It is quite possible for you to be convinced that you are living for the transcendent glories of the kingdom of God when you are in fact living for yourself.

Be warned! Be scared! The little kingdom is a costume kingdom and it is deviously promoted by a costume king—Satan himself. The little kingdom will quite regularly don the latex masks of outward participation in worship, obedience, and ministry. It will appear as though it is serving the King of Kings and Lords of Lords, when daily it is bowing before the throne of self, driven by earth-bound treasures and anxiety-bound needs. Its worship can only be the worship of self.

So, that pastor tells himself that he is working to build Christ's kingdom when what really drives him is power, control and human acclaim. And when he doesn't get them, he is discouraged and angry.

The mother tells herself that she is representing God in the lives of her children, but her frequent irritation and impatience reveal that the kingdom she is serving is her own and that she is most angry when her children break the laws of her kingdom, not the laws of God's.

The university student will be convinced that he is committed to evangelism, when what he is really committed to is the self-glory of theological always-rightism.

The child will think that he has gained a more obedient heart, when really he has just become a smarter and more secretive sinner.

Selfishness is its most dangerous when it masquerades as service. Self-focus is most powerful when it dons the costume of love. Earthly treasures are most seductive they take on the appearance of spiritual need. Idols do their nastiest work when they wear the latex of God.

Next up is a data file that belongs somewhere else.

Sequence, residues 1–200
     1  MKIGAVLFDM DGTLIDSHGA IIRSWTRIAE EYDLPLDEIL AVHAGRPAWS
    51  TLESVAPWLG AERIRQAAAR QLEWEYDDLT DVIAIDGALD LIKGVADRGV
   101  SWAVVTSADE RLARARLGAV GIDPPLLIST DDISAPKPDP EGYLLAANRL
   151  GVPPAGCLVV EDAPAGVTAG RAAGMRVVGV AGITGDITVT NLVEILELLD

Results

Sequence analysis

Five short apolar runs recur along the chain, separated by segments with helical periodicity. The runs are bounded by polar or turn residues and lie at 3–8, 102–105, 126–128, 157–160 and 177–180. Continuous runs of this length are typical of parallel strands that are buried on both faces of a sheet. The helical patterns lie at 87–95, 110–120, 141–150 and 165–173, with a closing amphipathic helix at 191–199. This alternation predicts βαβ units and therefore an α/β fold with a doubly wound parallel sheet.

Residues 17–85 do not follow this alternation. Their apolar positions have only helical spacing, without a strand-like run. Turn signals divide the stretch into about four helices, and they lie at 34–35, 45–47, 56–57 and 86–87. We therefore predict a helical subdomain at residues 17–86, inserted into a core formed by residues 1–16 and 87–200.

Because the little kingdom is a costume kingdom, it presents a near and present danger to everyone who has committed himself to the kingdom of God. If you examine the church of Jesus Christ in our day, the visible location of the big kingdom, it won't be long before you see the fruit of the little kingdom. Permit me to give you a mundane example.

Suppose I have committed myself to a healthy diet; I am at least externally keeping its rules. At the same time, however, I am snacking on copious amounts of mini chocolate chip cookies. Two things will surely result from this pattern. First, the mini cookies in the the box in the cupboard will begin to mysteriously disappear. Second, I will gain weight rather than lose it. Now, it is quite obvious that neither result is the fruit of a healthy diet, which points to the fact that what has masqueraded as a diet is not a diet at all, but an even more deceptive form of overeating.

The masquerading skill of the kingdom of self is yet one more reason why each of us needs more than the restraint of the law. No, we need the daily rescue of the transforming grace of Jesus Christ.

You see, our problem is deeper than our behavior. The reason the costume kingdom so easily deceives us is because the idolatry of self still lives within each of our hearts. So, we need daily grace so that our eyes will be open to the deception of the little kingdom, and we need daily grace so that our hearts would grow to love the big kingdom. And, thankfully, this grace is ours because of the cross of Jesus Christ.

Paul David Tripp is a pastor, author, and international conference speaker. He is the president of Paul Tripp Ministries and works to connect the transforming power of Jesus Christ to everyday life.